The Sun is the closest star to Earth, at a mean distance from our planet of 149.60 million kilometers (92.96 million miles). This distance is known as an astronomical unit (abbreviated AU), and sets the scale for measuring distances all across the solar system. The Sun, a huge sphere of mostly ionized gas, supports life on Earth. It powers photosynthesis in green plants, and is ultimately the source of all food and fossil fuel. The connection and interactions between the Sun and Earth drive the seasons, ocean currents, weather, and climate. The Sun is 332,900 times more massive than Earth and contains 99.86 percent of the mass of the entire solar system. It is held together by gravitational attraction, producing immense pressure and temperature at its core. The Sun has six regions - the core, the radiative zone, and the convective zone in the interior; the visible surface, known as the photosphere; the chromosphere; and the outermost region, the corona.
KATLENBURG-LINDAU, GERMANY (Nov. 11, 2009) – The Sun is a bubbling mass. Packages of gas rise and sink, lending the sun its grainy surface structure, its granulation. Dark...
Solar radiationLast Updated on 2010-01-24 19:11:07
Almost all of the energy that drives the various systems (climate systems, ecosystems, hydrologic systems, etc.) found on the Earth originates from the sun (Figure 1). Solar energy is created at the core of the sun when hydrogen atoms are fused into helium by nuclear fusion (Figure 2). The core occupies an area from the sun’s center to about a quarter of the star’s radius. At the core, gravity pulls all of the mass of the sun inward and creates intense pressure. This pressure is high enough to force the fusion of atomic masses.
For each second of the solar nuclear fusion process, 700 million tons of hydrogen is converted into the heavier atom helium. Since its formation 4.5 billion years ago, the sun has used up about half of the hydrogen found in its core. The solar nuclear process also creates immense heat that causes atoms to discharge photons.... More »
Sun: Magnetic FieldsLast Updated on 2009-11-11 17:05:08Solar flares, prominences, and so-called coronal mass ejections are three different manifestations of stored magnetic energy near the sun's surface being released in sudden eruptions. The energy for these dramatic events comes ultimately from the motions of the charged particles in the hot gas. There is considerable interest in understanding these events because of their potentially disruptive effects on earth via the solar wind.
In the traditional explanation, called the "storage model," the stressed magnetic field is suddenly realigned, something like a rubber band snapping, but remains in tact. The problem with this explanation is that it predicts that the magnetic field strength following eruptive events should (to a substantial degree) remain unchanged, while a recent series of observations implies a much more complex picture with magnetic field changes that have... More »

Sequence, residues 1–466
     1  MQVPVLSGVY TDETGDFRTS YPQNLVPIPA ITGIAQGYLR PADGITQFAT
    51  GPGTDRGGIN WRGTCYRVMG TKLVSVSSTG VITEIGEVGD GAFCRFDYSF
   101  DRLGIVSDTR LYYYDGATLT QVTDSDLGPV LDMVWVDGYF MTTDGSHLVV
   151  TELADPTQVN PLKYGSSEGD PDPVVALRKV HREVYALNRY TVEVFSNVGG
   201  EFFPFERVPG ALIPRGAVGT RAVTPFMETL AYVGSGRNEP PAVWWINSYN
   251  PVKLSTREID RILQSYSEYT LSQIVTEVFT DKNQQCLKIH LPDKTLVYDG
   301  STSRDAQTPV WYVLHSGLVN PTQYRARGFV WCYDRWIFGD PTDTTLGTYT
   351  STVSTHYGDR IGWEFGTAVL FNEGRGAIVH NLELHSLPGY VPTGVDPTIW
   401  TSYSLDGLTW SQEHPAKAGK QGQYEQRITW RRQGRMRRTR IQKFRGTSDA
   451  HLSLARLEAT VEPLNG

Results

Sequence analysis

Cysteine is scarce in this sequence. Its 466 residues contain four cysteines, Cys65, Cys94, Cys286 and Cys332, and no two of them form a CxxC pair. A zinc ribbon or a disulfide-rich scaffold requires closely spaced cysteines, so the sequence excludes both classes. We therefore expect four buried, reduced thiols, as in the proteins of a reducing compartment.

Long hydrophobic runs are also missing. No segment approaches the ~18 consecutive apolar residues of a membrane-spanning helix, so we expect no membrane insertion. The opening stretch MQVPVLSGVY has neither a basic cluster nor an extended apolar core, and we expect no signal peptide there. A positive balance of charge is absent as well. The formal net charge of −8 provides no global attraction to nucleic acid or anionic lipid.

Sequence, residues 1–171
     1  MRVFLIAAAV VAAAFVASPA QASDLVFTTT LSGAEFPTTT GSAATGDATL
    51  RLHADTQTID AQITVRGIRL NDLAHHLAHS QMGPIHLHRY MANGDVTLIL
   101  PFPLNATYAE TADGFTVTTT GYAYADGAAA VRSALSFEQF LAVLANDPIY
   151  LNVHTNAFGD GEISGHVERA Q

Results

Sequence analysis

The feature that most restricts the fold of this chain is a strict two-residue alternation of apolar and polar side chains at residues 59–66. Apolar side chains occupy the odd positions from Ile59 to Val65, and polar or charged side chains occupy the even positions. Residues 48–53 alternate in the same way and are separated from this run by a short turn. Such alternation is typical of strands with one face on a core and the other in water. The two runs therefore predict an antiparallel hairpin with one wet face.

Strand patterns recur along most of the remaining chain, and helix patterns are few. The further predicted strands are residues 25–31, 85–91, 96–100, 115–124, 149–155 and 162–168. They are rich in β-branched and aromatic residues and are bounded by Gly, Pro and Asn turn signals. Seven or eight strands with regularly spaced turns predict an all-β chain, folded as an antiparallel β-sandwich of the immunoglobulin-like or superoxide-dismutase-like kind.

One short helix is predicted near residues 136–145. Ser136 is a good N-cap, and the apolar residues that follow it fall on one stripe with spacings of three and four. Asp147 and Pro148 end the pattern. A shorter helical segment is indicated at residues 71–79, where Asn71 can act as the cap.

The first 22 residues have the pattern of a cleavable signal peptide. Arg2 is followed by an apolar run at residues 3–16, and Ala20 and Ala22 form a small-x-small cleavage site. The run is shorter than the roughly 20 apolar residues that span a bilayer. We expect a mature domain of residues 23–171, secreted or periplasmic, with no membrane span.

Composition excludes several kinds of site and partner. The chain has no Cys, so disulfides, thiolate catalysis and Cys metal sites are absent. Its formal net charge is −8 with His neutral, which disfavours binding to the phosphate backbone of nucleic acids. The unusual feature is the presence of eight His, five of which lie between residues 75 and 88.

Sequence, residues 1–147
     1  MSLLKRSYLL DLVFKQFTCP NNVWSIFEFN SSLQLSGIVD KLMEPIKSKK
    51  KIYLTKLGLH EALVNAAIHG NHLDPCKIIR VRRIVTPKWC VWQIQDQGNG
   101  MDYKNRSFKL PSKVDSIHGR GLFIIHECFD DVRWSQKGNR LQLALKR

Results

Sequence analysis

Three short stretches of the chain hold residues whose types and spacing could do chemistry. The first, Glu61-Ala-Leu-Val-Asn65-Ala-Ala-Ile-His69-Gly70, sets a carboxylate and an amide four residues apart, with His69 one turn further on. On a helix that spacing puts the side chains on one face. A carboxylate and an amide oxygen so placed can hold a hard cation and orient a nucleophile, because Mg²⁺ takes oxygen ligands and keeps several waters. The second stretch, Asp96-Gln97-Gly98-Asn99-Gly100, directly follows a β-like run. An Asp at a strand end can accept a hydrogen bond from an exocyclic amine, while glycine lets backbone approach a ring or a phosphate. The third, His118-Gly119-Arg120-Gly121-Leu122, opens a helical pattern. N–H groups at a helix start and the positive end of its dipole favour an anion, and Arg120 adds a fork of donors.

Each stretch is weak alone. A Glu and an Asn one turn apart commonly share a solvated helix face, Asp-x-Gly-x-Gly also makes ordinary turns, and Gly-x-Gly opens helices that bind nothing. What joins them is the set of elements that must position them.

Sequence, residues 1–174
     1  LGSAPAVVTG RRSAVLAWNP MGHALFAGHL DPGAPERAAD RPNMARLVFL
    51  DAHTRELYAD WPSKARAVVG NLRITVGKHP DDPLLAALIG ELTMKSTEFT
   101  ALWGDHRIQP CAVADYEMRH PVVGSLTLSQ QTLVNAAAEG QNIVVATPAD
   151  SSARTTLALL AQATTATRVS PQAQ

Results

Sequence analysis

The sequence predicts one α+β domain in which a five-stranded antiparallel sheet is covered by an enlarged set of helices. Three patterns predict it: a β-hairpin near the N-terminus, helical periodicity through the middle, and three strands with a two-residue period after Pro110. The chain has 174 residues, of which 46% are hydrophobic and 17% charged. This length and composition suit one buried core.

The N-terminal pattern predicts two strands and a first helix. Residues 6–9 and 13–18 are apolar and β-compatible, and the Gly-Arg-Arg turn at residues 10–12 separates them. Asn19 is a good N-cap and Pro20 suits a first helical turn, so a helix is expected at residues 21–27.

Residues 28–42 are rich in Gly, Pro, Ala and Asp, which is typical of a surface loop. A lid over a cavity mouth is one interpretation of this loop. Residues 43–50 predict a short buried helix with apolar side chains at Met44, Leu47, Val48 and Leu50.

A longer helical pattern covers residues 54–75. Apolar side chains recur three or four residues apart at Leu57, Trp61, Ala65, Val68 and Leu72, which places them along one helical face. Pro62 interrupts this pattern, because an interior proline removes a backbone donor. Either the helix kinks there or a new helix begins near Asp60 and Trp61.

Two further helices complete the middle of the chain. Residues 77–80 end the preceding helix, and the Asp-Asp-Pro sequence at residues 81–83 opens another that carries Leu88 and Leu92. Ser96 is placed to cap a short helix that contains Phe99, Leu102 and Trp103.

SUNRISE telescope delivers spectacular pictures of the Sun's surfaceLast Updated on 2009-11-11 00:00:00KATLENBURG-LINDAU, GERMANY (Nov. 11, 2009) – The Sun is a bubbling mass. Packages of gas rise and sink, lending the sun its grainy surface structure, its granulation. Dark spots appear and disappear, clouds of matter dart up - and behind the whole thing are the magnetic fields, the engines of it all. The SUNRISE balloon-borne telescope, a collaborative project between the Max Planck Institute for Solar System Research in Katlenburg-Lindau and partners in Germany, Spain and the USA, has now delivered images that show the complex interplay on the solar surface to a level of detail never before achieved.
FIGURE CAPTION – The IMaX instrument not only depicts the solar surface, it also makes magnetic fields visible; these appear as black or white structures in the polarised light. SUNRISE enables tiny magnetic fields on the surface of the Sun to be measured at a level of... More »
HinodeLast Updated on 2009-09-29 00:00:00Hinode is an international mission to study our nearest star, the sun. To accomplish this, the Hinode mission includes a suite of three science instruments -- the Solar Optical Telescope, X-ray Telescope and Extreme Ultraviolet Imaging Spectrometer.
Together, these instruments will study the generation, transport, and dissipation of magnetic energy from the photosphere to the corona and will record how energy stored in the sun's magnetic field is released, either gradually or violently, as the field rises into the sun's outer atmosphere.
By studying the sun's magnetic field, scientists hope to shed new light on explosive solar activity that can interfere with satellite communications and electric power transmission grids on Earth and threaten astronauts on the way to or working on the surface of the moon. In particular they want to learn if they can identify the magnetic field... More »
ACRIMSatLast Updated on 2009-09-24 11:18:47ACRIMSAT measured Total Solar Irradiance (TSI) during its primary five-year mission. The instrument, third in a series of long-term solar-monitoring tools built for NASA by the Jet Propulsion Laboratory, will continue to extend the database first created by ACRIM I, which was launched in 1980 on the Solar Maximum Mission (SMM) spacecraft. ACRIM II followed on the Upper Atmosphere Research Satellite (UARS) in 1991.
The Active Cavity Radiometer Irradiance Monitor (ACRIM) I instrument was the first to clearly demonstrate that the total radiant energy from the sun was not a constant. However, the solar variability was so slight (0.1% of full scale) that continuous monitoring by state-of-the-art instrumentation was necessary. It is theorized that as much as 25% of the anticipated global warming of the earth may be solar in origin. In addition, seemingly small (0.5%) changes in the TSI... More »
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